The War on Terrorism: A Collision of Values, Strategies, and Societies

By Thomas A. Johnson; Reviewed by Mayer Nudell, CSC

***** The War on Terrorism: A Collision of Values, Strategies, and Societies. By Thomas A. Johnson; published by CRC Press,; 369 pages; $79.95.
Terrorism is such an enormously complex phenomenon that each of its many facets provides fertile ground for research. The War on Terrorism: A Collision of Values, Strategies, and Societies, one of the latest in the crowded field of terrorism textbooks, examines the effect of globalization on terrorism. Author Thomas Johnson’s premise appears to be that contemporary terrorism results fundamentally from radical Islamists’ rejection of globalism. Any effective U.S. national security policy, he argues, must address this.
With this focal point, Johnson addresses the major aspects of terrorism, including goals and objectives and targets and tactics. He also devotes considerable attention to the history, organization, and activities of the international intelligence community, and projects future trends in global terrorism. The book concludes with nearly 150 pages of appendices that include copies of several reports by various U.S. and British government agencies and commissions.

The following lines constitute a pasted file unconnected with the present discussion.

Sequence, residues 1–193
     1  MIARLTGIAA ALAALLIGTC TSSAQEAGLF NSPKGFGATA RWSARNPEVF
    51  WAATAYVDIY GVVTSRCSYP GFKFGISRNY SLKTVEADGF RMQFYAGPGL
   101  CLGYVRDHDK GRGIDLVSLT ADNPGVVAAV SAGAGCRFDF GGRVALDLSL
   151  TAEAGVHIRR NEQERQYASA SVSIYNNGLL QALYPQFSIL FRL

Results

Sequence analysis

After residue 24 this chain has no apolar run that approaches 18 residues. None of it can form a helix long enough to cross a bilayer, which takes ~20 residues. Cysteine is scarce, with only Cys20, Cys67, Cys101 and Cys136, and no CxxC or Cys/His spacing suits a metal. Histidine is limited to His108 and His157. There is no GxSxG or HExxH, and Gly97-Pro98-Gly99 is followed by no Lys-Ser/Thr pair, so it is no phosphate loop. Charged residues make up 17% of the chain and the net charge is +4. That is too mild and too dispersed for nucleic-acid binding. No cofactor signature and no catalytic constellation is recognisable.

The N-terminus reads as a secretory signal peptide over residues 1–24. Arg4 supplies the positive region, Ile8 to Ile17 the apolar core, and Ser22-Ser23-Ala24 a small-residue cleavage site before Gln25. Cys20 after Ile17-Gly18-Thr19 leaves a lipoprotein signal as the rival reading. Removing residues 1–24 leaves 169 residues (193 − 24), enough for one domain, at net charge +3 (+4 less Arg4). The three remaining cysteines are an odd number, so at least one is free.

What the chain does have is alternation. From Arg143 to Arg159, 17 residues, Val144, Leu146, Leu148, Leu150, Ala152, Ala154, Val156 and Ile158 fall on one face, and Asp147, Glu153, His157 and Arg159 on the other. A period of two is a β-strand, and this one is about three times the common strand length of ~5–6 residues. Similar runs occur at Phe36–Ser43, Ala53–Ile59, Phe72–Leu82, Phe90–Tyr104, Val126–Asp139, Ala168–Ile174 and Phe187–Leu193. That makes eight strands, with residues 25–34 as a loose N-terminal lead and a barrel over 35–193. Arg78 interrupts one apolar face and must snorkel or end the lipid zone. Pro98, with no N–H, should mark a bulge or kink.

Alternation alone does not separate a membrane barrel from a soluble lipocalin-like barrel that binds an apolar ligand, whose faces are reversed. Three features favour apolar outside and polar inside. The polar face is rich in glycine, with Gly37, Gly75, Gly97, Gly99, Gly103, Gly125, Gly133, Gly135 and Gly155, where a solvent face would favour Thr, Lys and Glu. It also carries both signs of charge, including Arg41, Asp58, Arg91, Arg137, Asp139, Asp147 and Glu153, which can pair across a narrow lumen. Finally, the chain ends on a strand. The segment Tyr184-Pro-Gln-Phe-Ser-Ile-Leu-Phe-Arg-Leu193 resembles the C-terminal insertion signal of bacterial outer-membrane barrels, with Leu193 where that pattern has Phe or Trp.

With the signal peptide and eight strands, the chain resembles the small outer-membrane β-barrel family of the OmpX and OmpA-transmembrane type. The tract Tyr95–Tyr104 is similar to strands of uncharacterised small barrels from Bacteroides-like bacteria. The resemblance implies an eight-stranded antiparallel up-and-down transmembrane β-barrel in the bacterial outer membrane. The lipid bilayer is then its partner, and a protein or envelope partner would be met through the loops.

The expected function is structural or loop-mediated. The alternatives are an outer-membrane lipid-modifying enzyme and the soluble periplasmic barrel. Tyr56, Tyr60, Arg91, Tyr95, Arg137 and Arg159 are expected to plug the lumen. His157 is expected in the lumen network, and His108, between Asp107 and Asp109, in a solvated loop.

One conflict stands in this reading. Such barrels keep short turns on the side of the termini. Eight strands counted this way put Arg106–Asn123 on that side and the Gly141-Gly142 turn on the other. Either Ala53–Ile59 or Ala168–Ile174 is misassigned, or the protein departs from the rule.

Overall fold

The War on Terrorism would make a useful introductory textbook on Islamist terrorism were it not so drastically overpriced. The book does not contain much information not already available elsewhere, which mitigates its value. If you want this type of review, check this one out of the library.

Reviewer: Mayer Nudell, CSC, is an independent consultant on crisis management, contingency planning, and related issues.



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